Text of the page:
Blacksmith Livestream

Lucas and Carolyn reflect a bit on all of the amazing developments that the listeners and participants of EB helped make happen in 2018 before using Session 38: Blacksmith for this livestream. Lucas writes about the sometimes grueling sacrifices that a parent must make for their children. Carolyn writes about classification and how to better understand the natural world that we live in. It’s a good time!

Remember to submit phone recordings to be played on Endless Beautiful Radio on the website, endlessbeautiful.com. Also, join in on the conversation at the EB Creators FB Group! Thank you for a wonderful 2018 and here’s to an even better 2019!

Lucas’s result from 12.30.18 livestream:

He poured the small stones into the glass jar. It was nearly full. The weight of it had been growing heavier over the past two hours, but the chanters demanded that the rite be carried out fully. Children laughed as they skipped along the beach, throwing small sticks at the gulls and kicking at knee-high waves. His brow was dripping with sweat, his eyes stung from the wind, salt, and sand. The jar slipped in his hand as his muscles cramped. He knelt and cradled it near the core of his body. At one time, he might have asked himself, “Does this matter?”

He hadn’t eaten for two days. Long, white blisters, flecked with blood lined his feet. He had sustained a gash on his shin from slipping on the algae-covered rocks–it had almost cost him the jar. It had almost smashed upon the rocks. The children sitting in the grass above the dunes laughing. But he had caught it.

There were times that he felt like he was flying as he walked upon the beach, holding the jar, waiting for the stones to be loaded within. His stomach felt as if it dissolved or perhaps slip down his leg and out the tips of his toes, relieving him of the added weight and trouble of eating. In the beginning, when the ceremony began, he remembered wondering how a gull would taste if he would strike it with a jagged rock, smash its beak, and roast it on a spit. He had supposed then that it might taste like chicken, or perhaps a tame fish, but now, he had forgotten what any of that tasted like, or why it even mattered in the first place.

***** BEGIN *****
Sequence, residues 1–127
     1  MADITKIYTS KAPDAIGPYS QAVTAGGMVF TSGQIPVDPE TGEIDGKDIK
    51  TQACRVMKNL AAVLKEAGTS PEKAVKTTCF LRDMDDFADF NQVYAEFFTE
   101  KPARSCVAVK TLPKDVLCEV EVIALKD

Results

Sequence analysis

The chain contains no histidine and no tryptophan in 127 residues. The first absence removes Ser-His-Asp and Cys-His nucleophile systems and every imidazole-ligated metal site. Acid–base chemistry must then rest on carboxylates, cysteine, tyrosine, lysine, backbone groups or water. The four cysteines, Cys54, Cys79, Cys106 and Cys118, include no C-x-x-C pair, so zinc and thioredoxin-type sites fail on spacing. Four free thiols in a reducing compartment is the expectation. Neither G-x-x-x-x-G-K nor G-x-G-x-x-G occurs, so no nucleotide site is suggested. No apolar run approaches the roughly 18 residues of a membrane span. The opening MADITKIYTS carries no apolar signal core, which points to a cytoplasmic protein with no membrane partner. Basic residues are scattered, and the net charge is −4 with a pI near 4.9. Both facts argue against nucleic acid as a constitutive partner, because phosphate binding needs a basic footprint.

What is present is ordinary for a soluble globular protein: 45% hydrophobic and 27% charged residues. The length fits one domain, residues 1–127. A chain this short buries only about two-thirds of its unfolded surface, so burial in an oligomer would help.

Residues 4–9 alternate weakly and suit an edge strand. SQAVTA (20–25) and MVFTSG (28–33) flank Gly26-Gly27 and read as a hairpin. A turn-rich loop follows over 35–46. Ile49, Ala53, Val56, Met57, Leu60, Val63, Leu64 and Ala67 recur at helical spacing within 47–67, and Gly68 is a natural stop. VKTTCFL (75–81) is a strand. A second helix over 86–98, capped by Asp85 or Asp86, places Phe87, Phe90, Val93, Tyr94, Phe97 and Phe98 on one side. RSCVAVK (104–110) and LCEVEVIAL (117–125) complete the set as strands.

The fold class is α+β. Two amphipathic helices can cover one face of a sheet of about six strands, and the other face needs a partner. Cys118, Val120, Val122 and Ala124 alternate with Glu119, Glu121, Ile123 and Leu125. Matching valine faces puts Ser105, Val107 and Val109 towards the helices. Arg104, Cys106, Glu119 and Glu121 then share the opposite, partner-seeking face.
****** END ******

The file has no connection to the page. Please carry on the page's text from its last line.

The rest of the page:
A young girl, perhaps five years old, placed her hand on the lip of the jar. He looked down at her delicate fingers grasping at the smooth glass and was struck by how extraordinarily small and articulate they were. It took him a moment to realize what she was doing–that the stones that were appearing in her palms and being flung out into the sea, had come from his ceremonial jar. She laughed and marveled.

He sat as she pulled more of the stones from the jar and threw them into the water. Her eyes sparked green and blue. She jumped and splashed like the happy gulls. Before he knew it, half of the jar was gone.

Carolyn’s result from 12.30.18 livestream:

 
Rustling means that among the marbles,
something in the jar is alive, to be counted,
slippery among the interstitial of the spheres.
Can it be seen? Does it matter?
(the thing itself and whether it can be seen)

The pulse quickens, the quick of the nail
at the edge of life reaching under the lid,
uncertain of its expectations. So then—
the same question--does it matter to me?

Does it matter at all? If I know
how to open the jar, should I?
Those internal conditions change
by that conditional. The shift of it. The twist.

Is this too serious?
Maybe it isn’t so dire, this living,
that living thing, but even so,
how would I know? Can’t know its song
unless it sings it. Cant know if it sings.

Does knowing such things matter?
(the thing itself and whether it sings)
Is the buzz of curiosity worth the cause?
The effect? The consequence.

Is consequence the opposite of sequence,
the thunder echoed back from the burst,
the result possibly an insult?
Intention passed off as the precursor
to the tension it makes,
what it precipitates, what is saturated
in that flooded jar.

-Carolyn Decker 12.30.18
using EB Session 38: Blacksmith
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